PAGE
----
It may well be asked how Constance found her most unusual vocation. Hoping to not reveal anything that would serve as spoilers to the second Act, we shall attempt to answer this never the less.
Constance comes from a blue collar background. Her father John O’Brien was hard working and her mother was a dutiful housewife and mother as befitted their social and economic rung. As a child, what Constance wanted to be most of all was an actress. She wanted to be part of the New Albion theater scene and perform plays in the great theaters throughout the city. As she grew however, she became very disillusioned with the theatrical possibilities under the current government. There was so much censorship of the arts that the types of plays and roles available were endlessly cliche and unimaginative. She longed for the days of the old style of theater, the Decadent Theater as it was referred to now.
Constance was a precocious youngster and still technically a child when the civil war broke out. She and her other school friends learned that if you wanted to get around in war time, you needed to be quick and savvy. At any given time there were barricades, police blockades, street fighting, and forbidden neighborhoods and streets to contend with, not to mention the areas of actual full on warfare Kids looking for adventure, mischief or simply to get around unhindered had to be especially fast and sly and these traits Constance learned and excelled at.
Once, while roaming through an area with some friends they had been warned not to go through, Constance came upon a girl who clearly seemed to be danger from three men whose body language suggested very, very bad things which were then only on the periphery of Constance’s understanding. While her friends fled Constance used rocks to divert and hurt the men. The terrified girl ended up saved. The girl was named Isis, from a neighborhood and social sphere far outside of the Constance’s familiarity, but was deeply grateful to say the least.
Naturally Constance loved her parents very much although as she approached adolescence she found them more and more uptight and boring. Her Aunt Jaqueline was the opposite: exciting, exotic, with wild ideas and endless flair but Constance saw very little of her. Until the bomb.
Constance’s mother was killed one day by a rebel bomb. It was a great blow to Constance and seemed to break her father, who she had always seen as a rock of strength and dependability. Her father soon became quite withdrawn.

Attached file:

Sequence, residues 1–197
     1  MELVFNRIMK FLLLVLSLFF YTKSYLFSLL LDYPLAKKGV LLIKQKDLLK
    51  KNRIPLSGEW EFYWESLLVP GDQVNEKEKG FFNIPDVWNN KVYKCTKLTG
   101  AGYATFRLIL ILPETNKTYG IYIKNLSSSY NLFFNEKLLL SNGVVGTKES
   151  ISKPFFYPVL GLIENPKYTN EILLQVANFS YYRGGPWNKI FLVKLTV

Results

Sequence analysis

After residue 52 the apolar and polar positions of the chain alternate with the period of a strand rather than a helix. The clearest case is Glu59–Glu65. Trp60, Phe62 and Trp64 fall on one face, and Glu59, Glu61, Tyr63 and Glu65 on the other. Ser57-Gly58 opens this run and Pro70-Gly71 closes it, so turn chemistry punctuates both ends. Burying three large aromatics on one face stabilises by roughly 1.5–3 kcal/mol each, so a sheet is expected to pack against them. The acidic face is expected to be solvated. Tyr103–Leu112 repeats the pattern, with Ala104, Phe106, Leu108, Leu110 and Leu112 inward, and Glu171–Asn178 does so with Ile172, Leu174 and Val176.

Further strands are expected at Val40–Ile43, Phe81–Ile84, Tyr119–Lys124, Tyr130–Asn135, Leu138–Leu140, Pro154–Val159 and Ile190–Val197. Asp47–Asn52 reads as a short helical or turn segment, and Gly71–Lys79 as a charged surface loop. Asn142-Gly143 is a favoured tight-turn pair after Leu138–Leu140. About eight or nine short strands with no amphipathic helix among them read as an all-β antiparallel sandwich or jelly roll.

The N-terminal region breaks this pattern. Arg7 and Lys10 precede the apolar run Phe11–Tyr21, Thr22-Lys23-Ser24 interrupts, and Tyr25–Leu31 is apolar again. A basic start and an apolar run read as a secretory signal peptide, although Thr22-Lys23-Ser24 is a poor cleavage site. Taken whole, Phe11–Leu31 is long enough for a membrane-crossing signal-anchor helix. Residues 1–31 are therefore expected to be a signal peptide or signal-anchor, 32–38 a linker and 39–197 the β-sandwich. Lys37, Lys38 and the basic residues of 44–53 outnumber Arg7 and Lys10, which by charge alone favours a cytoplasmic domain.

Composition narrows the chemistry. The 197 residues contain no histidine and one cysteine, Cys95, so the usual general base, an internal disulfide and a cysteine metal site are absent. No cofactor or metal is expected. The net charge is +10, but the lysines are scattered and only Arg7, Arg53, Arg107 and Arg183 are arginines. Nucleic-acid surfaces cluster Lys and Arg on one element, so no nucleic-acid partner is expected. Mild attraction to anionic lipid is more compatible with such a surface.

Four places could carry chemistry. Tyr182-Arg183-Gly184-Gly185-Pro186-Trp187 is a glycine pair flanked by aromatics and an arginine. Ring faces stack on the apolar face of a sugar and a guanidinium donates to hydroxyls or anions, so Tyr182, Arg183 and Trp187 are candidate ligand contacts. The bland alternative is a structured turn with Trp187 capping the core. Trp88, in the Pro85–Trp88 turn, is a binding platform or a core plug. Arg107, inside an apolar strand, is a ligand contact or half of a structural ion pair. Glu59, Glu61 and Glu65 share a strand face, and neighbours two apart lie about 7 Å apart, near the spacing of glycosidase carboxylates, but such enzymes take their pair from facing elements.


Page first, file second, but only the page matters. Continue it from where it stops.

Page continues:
He and Constance moved in with Aunt Jacqueline, which was a comfort and further shaped her teenage years. Aunt Jacqueline’s free spirited manner and off the cuff insights and ideas were thrilling to the girl.
Then her father disappeared.
Constance’s last memory of her Daddy is late at night, when he came into her room after being out drinking and sat at her bedside and rambled to her. Although more or less incoherent, it seemed final, like he knew he was going to die, and sure enough soon afterwards he disappeared and was eventually declared dead.
Now that she was living with her Aunt Jacqueline, Constance began high school in a new district. The high school was in a rather upper class neighborhood and Constance, a blue collar girl, would have found herself lost if not for two things:
1. On her first day of school, bewildered and with the taunts and scrutiny of some of some of the more shark like students zeroing in on her as a tasty target for ridicule, low and behold Constance experienced what she could only attribute to karma or practically divine serendipity. Isis, the girl she had saved some time before was a student there and enormously high on the social ladder. Like a fairy godsister, Isis swooped in to protect and eventually befriend Constance, teaching her the ins and outs of etiquette in this new world. They became best friends.